Summer in the City: The Analytics Conference in London
This year, we're holding the Analytics conference first in London (June 19-20, Park Plaza Westminster Bridge) and then in Orlando (October 21-22, The Peabody Orlando). It’s a great opportunity to hear how the world's top analysts are putting analytics to work to solve pressing issues facing businesses and other organisations. Ranging from text analysis through to fraud detection, analytics is really changing how our world works.
But have you ever wondered, how do we use analytics to promote the Analytics Conference?
Fluffy Marketers and Hard-Nosed Analysts
As a marketer, I know that marketing often gets bad press, in whatever sort of organisation you work in. I’ve probably heard them all over the years: the colouring in department, the lunch division, the home for retired sales people. Incidentally, I used to work in the training department, so the last one doesn’t quite fit for me. And, of course the adjective ‘fluffy’, something that is soft, furry and billowy. So, we think of an activity which is vague and undefined.
However, marketing actually has to be quite a precise science. In essence, your job as a marketer is to offer a product or service to people who would be interested in buying it, at a price they are prepared to pay. And that’s not fluffy at all, in fact it’s quite hard-nosed and requires a close and honest examination of the information available to you. So, marketing can’t be fluffy, because if it's fluffy it won't work.
Assessing the Size of your Market
There are over 60 million people living in the UK, and – depending how you define it – nearly 740 million people living in Europe. But out of these millions of people, who should you target to attend a conference like Analytics 2013? Actually, the question is simpler than that. How many people are you actually able to target? You have to have some means of contacting them and they have to be contactable, this is termed the total serviceable market.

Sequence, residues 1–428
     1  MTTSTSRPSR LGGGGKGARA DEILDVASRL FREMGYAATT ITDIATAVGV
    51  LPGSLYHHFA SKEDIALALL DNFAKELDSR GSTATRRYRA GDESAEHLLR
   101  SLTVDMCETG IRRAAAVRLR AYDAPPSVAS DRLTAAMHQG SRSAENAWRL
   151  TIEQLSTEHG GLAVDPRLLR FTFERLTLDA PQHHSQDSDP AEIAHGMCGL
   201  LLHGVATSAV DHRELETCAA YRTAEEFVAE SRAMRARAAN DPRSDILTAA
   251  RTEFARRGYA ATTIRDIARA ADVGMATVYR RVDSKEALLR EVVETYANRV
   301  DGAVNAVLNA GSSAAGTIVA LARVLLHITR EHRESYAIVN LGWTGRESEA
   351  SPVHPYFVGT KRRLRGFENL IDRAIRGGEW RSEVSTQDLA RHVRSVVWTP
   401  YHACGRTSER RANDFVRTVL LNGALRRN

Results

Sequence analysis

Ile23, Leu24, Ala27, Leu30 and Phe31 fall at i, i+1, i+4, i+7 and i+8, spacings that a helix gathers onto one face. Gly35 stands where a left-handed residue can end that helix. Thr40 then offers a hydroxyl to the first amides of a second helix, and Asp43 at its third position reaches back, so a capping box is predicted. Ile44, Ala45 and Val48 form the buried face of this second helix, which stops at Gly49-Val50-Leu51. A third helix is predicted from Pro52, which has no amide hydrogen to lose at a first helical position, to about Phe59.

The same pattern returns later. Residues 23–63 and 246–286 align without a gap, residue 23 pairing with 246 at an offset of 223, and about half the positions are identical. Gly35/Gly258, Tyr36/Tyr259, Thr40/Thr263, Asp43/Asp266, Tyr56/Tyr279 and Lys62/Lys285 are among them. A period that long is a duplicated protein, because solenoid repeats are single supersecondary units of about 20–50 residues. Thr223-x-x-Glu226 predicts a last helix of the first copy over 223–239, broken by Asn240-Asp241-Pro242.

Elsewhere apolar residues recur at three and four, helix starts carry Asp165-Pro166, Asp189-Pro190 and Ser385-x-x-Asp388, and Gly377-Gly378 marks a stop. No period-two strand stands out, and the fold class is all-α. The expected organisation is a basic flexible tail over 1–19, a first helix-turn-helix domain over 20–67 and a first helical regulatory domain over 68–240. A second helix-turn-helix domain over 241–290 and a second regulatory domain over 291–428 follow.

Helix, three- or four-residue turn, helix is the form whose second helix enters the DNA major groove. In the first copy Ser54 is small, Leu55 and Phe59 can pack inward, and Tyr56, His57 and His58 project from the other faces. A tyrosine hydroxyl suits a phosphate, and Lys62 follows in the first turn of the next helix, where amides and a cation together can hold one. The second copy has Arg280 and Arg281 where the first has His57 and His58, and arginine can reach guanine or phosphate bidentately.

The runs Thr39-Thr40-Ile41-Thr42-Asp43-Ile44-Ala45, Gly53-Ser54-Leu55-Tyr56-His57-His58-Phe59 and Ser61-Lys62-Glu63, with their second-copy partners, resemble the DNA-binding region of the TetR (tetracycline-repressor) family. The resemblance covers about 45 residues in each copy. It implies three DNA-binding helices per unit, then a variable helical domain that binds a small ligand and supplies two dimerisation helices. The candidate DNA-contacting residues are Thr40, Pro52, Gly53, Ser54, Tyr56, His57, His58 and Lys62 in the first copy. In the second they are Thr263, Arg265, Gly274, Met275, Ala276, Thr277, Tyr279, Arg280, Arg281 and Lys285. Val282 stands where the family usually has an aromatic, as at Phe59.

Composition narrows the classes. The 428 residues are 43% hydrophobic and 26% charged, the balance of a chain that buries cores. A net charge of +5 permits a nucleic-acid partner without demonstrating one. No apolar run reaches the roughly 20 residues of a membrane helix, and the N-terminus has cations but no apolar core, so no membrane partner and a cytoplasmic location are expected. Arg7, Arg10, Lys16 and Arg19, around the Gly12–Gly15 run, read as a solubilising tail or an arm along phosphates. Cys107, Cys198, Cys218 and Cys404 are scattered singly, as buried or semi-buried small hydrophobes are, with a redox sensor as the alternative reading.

My role as a marketing manager for the UK and Ireland is to contact my local customers and prospects. So, my first job is to extract a list of them. I know who they are, their job title, who they work for and where they are based. All are relevant factors, only certain types of people use analytics, some companies are more and less likely to send delegates, and for an event in London, people closer to the venue are more likely to attend than those who are further away.
Laying out the Tiles
So, the first step is to segment the target list. The most relevant factor is job title, a ‘business analyst’ is more likely to attend than an ‘ice cream consumption specialist’ not that there are many of them on our list! A good way I’ve found to visualise this is the ‘tile chart’.
A tile chart can be created in many ways in SAS, including PROC GTILE, or using SAS Enterprise Guide, or through data visualization with SAS Visual Analytics. It’s a good way to see how large your segments are, and whether you have too many or too few. You can also quickly see if what you are trying to market has a large enough potential audience to make it viable. If not, how could you expand that audience? As a result, I recommended that we introduced an ‘introduction to analytics’ stream at this year’s event.
The the second step in the process, now that we know who to contact is to actually contact them. Targeted communications are much more interesting and less annoying than random ‘spam’, so making sure that you contact the right people is crucial. Also, the price of a call is more than the price of a postcard which costs more than an email. And getting an unwanted call is really annoying, well it annoys me anyway. Analytics and data management is crucial here too. We need to know that the people we are contacting are happy to be contacted, and that they haven’t been contacted very recently.
Measurement and Forecasting
Finally, the success – or otherwise – of our campaign needs to be monitored, measured and forecast. Is it on track? How many people have read and responded to our communications? How many people have actually booked? A combination of these allow us to project the likely result of the event and take any appropriate action to ensure that it is a success.
Analytics for the Analytics Conference
So, I hope you are reassured that we do practice what we preach and make use of analytics to promote our events. But if you’d like to find out even more about how analytics is used in marketing, why not attend the event yourself?